It's basically catastrophic coverage. Any colds/injuries or such won't be covered (the reason we usually get medical help). It typically has about a $1000 deductible for the hospitilizaiton.....they pay the rest of the bill. Once you're out of the hospital for that incident....your coverage terminates. Very cheap, very foolish way to cover medical expenses...BUT if you don't have 2 pennies to rub together and need some type of coverage, its better than nothing.

mastercare
01-28-2005, 03:41 PM
Sorry, Forgot to metion:

A company called John Alden (a Fortis company) sells a lot of these policies. They have minimal underwriting, and your payment is calculated right out of the pamphlet describing the policy. Very cheap, very easy to set up. But, again, if this is all you can afford, its better nothing, but definitely a LAST option when it comes to health insurance.

bobbygedd
01-28-2005, 04:51 PM
do you think the coverage i have now is "foolish?" i have oxford. i pay $1000 a month for med/prescription. last year i paid $12,000 to this plan, and had perhaps 5-7 doctors visits(our family of 4), which would have cost us maybe $700 (if we had no insurence). if i chose to not carry ANY COVERAGE, i'd be ahead by more than $11,000. so i can get hospitalization for $25 a month. have a heart attack, they pay the $60,000 in bills, then drop me? that don't sound too bad.....

mastercare
01-28-2005, 05:07 PM
No, I would say that what you have now is a good plan. It covers just about anything, including perscriptions. Here's the problem I see with the short term. Lets say you get in a car accident and sustain injuries. You get rushed to the hospital, have some type of surgery, spend a week in the hospital and go home. At that point, your coverage is gone. Any post-work you need done is not covered. Any long-term rehab is not covered. Any pain medication after you leave is not covered. Any long-term problems are not covered. Any other problems arising from that injury are not covered.

And, to top it all off, you could apply for a "full coverage" policy after you're dropped. They will research your medical history and either charge you way too much, or more likely put an exclusion on that policy for pre-existing conditions. This means they don't pay a dime.

The policy you have is the smart way to protect your family. If you had no other options, the catostrophic coverage is better than nothing. But, it sounds like you havea good policy now....you may be able to save some $$ on your premium somewhere else, or with a different kind of plan, but full medical coverage is the best you can get as long as you can afford it.

bobbygedd
01-28-2005, 05:14 PM
mastercare, the policy i have right now, cost me $12,000 last year, for $700 worth of medical expenses. i paid $11,300 for "peace of mind", mathematically, it was A DUMB INVESTMENT.

scottt
01-28-2005, 06:16 PM
bobbygedd,
What happens if you get the catastrophic coverage only and you have an accident and run up a 75k hospital bill? Your company will drop you after they pay. Then say a month later someone else in your family has an accident and the bill is 75k. Then you have recurring medical bills from your accident that even if you could find insurance they probably wouldn't pay due to a pre existing condition. I'm not saying which one to choose, just something to think about.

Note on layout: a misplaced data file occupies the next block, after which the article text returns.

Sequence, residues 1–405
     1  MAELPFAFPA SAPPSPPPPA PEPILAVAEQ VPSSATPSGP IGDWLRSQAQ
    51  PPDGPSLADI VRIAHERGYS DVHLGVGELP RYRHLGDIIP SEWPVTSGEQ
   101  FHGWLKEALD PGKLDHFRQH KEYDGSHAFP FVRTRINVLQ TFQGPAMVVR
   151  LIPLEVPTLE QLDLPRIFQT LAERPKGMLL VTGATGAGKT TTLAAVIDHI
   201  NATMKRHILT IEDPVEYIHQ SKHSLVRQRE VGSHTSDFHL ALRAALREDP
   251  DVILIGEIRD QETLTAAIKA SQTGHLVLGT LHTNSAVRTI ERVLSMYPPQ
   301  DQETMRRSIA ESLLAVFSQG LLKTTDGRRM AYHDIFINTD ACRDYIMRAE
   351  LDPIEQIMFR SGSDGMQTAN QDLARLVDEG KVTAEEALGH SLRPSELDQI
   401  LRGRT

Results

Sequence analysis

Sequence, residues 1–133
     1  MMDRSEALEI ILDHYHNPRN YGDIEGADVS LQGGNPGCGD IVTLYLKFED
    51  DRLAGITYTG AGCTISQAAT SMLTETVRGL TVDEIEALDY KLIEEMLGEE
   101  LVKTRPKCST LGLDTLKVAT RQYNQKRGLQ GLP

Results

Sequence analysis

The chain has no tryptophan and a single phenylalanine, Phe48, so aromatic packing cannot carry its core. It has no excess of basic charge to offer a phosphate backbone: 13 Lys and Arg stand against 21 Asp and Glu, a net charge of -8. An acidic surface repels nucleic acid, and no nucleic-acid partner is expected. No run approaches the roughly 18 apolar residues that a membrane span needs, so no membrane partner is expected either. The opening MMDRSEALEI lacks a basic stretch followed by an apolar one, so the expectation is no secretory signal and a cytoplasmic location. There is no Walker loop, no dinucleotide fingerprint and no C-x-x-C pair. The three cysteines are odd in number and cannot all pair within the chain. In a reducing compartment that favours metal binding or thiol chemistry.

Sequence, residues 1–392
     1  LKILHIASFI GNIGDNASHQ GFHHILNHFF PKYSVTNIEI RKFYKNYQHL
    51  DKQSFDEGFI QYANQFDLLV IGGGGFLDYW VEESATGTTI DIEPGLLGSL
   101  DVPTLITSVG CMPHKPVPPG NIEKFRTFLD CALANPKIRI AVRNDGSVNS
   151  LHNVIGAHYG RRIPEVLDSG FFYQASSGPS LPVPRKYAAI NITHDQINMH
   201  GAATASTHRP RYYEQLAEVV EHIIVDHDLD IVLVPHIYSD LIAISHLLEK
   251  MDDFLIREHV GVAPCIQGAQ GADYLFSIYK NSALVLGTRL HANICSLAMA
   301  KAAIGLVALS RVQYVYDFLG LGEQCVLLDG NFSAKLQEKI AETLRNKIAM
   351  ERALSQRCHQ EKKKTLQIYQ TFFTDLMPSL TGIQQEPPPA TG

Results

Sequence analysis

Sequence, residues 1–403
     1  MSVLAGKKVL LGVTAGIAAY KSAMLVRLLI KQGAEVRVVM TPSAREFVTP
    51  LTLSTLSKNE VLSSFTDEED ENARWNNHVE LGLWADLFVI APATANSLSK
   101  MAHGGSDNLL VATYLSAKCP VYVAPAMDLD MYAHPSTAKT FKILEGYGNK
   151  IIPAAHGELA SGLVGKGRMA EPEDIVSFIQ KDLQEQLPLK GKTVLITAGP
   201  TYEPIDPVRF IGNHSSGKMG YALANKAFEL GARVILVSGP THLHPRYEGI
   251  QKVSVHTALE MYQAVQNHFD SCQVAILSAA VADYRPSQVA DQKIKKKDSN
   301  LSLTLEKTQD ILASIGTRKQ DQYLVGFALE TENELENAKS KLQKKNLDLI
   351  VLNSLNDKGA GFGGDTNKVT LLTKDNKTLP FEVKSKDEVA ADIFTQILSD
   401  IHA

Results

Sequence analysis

TSM
01-28-2005, 11:36 PM
mastercare, the policy i have right now, cost me $12,000 last year, for $700 worth of medical expenses. i paid $11,300 for "peace of mind", mathematically, it was A DUMB INVESTMENT.

i understand what you're sayin.

but by definition that is insurance.

i have homeowners insurance and have never filed a claim
i have general liability and never a claim
workers comp...never a claim
auto insurance and other than glass replacement never a claim
health insurance and compare the premiums to the actual cost of doctors...and i'm out a whole lotta $$$

but whats the alternative???

there is a reason why any city you go to in America and the biggest,tallest , fancyest buildings are owned by the insurance companies.

sux

sjj14
01-29-2005, 11:38 AM
mastercare, my main question regrding an HSA is what will i be paying for normal dr. visits and presscritions? I realize that the big booys have contracts with these Dr. groups and agree to except the payments that are prenegotiated for visits and drugs. Will I be paying an outragous amount for a simple visit and prescription? for example, a recent bill from a dr. visist for my wife included some rehab visits. The bills showed a rate of $75 for icebags(this actually happened) but my insurance only payed 12 cents per bag. If I am going to pay the $75 rate the $5000 in my HSA account will not go very far. Its and intersting concept but leaves alot of questions. If you dont mind I will pm you with some more questions.
Thanks, Steve

mastercare
01-31-2005, 02:50 PM
Yes, I got your PM, but didn't read your public post, so I'll respond to the questoin in your public post:

How much will it cost? You will pay every penny of medical costs up to your deductible ($5000 for a family...if that's what you choose). Now this seems ridiculously expensive, but you have to remember that this money came out of your Health Savings Account.

If you had a traditional plan, you would be paying a larger premium. If you never had that expensive ice on your dr's visit, that money would have gone to the insurance company and be gone forever.

If you can set it up so that the combined Savings account and High Deductible health premium equal your old cost, you will be ahead. Big sums of money will come out of your savings account, but that was money you otherwise would have given to the insurance company in the form of premiums, whether you used it or not.

This way, you pay less to the insurance company, and "self-insure" against your deductible by putting the excess money in a savings account. If you use it, you're no worse off. If you don't use it, you keep the cash that's in th account. It can even help subsidize your retirment income if you build it up and use very little of it over the years.

To sum up:
On a traditional plan all your $$ goes to the insurance company if you use it or not.

On an HSA, less money is kept by the insurer, and you use your own money to insure against paying a high deductible. If you use it, you're no worse off. If you don't use it, you have saved the $$ that the ins. company would have kept anyways.

Do you have a $0 deductible on your car insurance? - Probably not becuase you're willing to accept a $1000 deductible to get a lower bill. HSA's work the same, but on a larger scale, and they give you a savings acount to save up that deductible on a tax-deductible basis.